Amazon’s ‘The Lord of the Rings’ May Have 20-Episode First Season

Lord Of The Rings

It’s typical for a streaming service to shell out big bucks for their original programming, but Amazon’s The Lord of the Rings takes the cake with a $500M budget to commit to the first two seasons of what is looking to be a series that they’re willing to shell out $1B in total for. And it looks like there’s a good reason that they’re spending so much: the series is likely going to have an absolutely epic episode count of up to twenty episodes for the first season.


In an interview with German fansite TolkienGesellschaft (hat tip HN Entertainment), literary scholar and Tolkein expert Tom Shippey spoke about the ambitious nature of the series and where they’ll be filming. If what he’s heard is correct, then The Lord of the Rings will be eschewing the typical 8-13 episode season that’s usual for a large-scale production like this in favor of something bigger:

“The exact [shooting] locations are, of course, uncertain, and it could well be several [places that they’ll film]. The shooting itself does not take place chronologically, but is oriented towards the locations. Logically, you try to bundle all the scenes that take place in one location and film them so that you have it done and don’t have to return to that place several times. But this also implies that everything has to be clear at the start of filming; you have to know the end. There’s supposed to be 20 episodes for the first season. So until they’ve decided what the end is going to be, they can’t start filming.”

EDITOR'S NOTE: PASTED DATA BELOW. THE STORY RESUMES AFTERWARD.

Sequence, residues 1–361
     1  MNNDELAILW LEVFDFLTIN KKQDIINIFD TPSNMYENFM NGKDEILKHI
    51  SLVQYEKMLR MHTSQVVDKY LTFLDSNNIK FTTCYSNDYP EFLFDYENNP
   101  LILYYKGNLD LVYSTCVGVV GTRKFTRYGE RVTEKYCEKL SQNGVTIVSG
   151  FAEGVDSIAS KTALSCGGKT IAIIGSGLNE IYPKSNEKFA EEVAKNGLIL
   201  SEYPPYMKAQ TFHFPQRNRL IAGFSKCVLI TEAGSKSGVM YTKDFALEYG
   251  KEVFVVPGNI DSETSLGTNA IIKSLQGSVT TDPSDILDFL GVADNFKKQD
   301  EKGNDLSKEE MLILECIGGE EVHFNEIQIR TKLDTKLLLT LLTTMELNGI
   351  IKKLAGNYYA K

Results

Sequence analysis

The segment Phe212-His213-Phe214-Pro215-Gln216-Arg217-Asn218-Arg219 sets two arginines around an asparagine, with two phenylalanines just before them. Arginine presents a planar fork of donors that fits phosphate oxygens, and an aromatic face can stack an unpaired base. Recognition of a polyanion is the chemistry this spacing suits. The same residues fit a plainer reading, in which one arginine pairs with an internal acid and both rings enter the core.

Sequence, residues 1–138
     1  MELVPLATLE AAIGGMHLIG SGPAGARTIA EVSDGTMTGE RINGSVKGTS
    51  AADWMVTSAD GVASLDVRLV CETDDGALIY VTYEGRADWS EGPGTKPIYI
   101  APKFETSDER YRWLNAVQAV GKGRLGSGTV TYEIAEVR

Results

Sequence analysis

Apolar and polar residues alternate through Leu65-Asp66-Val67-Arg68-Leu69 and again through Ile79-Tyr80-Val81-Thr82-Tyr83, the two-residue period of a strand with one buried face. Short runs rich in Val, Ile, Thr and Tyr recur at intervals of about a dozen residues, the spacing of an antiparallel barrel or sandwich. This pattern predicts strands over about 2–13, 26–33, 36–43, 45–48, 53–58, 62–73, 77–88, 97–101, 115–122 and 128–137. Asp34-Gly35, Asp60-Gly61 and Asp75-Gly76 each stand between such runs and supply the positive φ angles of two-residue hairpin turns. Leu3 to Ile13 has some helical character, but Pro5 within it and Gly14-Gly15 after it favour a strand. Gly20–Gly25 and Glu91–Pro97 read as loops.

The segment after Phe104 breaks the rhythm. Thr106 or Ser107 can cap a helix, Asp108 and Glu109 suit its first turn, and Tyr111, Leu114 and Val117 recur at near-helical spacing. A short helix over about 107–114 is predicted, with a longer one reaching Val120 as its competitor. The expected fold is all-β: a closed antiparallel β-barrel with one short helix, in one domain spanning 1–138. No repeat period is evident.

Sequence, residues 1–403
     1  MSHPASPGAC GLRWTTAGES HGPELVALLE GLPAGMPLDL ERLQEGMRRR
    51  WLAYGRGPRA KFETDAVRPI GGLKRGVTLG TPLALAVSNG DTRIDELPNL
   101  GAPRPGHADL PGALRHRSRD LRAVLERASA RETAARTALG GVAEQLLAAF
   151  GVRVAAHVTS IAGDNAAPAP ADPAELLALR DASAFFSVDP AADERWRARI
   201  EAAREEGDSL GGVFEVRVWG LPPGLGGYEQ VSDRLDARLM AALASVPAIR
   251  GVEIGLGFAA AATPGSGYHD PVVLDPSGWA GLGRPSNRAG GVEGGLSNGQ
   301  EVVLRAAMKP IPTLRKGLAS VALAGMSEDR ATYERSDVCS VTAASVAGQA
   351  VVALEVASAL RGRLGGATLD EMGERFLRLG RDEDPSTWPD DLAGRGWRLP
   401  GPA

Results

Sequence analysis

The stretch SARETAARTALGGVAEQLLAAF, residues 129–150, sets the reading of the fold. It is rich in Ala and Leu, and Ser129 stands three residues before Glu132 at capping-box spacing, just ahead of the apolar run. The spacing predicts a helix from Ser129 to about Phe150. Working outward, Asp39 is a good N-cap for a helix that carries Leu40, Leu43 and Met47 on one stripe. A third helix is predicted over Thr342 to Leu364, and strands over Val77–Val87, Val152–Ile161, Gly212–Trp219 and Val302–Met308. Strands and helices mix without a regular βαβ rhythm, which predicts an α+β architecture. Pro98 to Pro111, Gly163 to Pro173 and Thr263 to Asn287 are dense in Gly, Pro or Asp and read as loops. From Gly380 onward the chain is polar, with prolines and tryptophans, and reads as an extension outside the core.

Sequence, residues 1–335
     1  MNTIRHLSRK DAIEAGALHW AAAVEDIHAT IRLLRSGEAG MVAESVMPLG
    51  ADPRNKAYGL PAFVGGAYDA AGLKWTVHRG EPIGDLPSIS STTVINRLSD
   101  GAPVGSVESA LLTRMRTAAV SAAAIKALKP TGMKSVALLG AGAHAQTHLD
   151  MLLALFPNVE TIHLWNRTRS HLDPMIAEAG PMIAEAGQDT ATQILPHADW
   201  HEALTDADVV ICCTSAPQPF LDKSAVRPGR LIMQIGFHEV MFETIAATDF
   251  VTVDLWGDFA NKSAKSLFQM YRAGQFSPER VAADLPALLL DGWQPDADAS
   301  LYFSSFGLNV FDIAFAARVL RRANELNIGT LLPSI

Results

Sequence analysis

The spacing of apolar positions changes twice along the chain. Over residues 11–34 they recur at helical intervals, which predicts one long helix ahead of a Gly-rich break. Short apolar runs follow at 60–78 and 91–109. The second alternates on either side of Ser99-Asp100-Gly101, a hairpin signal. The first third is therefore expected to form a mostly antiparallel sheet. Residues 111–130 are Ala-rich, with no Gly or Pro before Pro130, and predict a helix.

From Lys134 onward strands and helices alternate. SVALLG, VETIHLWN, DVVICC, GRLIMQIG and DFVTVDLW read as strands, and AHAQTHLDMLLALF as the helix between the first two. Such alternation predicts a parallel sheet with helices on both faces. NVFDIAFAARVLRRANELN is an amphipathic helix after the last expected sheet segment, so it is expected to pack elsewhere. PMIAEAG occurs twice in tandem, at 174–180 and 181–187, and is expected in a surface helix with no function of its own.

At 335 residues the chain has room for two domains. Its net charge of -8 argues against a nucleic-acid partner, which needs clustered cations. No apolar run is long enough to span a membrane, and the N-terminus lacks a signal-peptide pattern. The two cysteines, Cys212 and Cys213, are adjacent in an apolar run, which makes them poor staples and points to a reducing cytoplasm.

If we presume that the $500M budget is evenly-divided between two seasons of 20 episodes, then we’re talking about a budget of $12.5M per episode. (That’s a lot of presumptions, but considering how expensive the show is, they’re fair to make.) That’s slightly less than the amount of money that HBO put into the later episodes of Game of Thrones, and there’s little doubt that The Lord of the Rings will be the most expensive show ever made by the time that it’s finished. Right now, we only have Shippey’s word to go off on, and Amazon have yet to confirm how few or many episodes will be made for the first season.


If the show’s as long as Shippey says, then it may be in Amazon’s best interests to think about how they’ll end up releasing the show. With this many episodes, releasing it in a traditional binge-friendly way is probably not in their best interests due to the extreme budget involved. Recent Amazon surprise hit The Boys managed to score a viewership figure that greatly exceeded their expectations, but that was with an eight-episode run that could easily be released in one go to encourage binge-watching. With The Lord of the Rings, it seems as though releasing episodes on a weekly basis, or at least in waves, would be a smart thing to do to encourage subscribers to stick around long-term instead of subscribing, binge-watching everything, and cancelling until the next season arrives.


Amazon’s The Lord of the Rings is in development, to arrive at an unspecified point in the future. Little is known about the series, other than that it will be set in the Second Age, before the rise of Sauron and the War of the Last Alliance that serve as the prologue to the film adaptation of The Fellowship of the Ring (itself based on Tolkien’s written lore).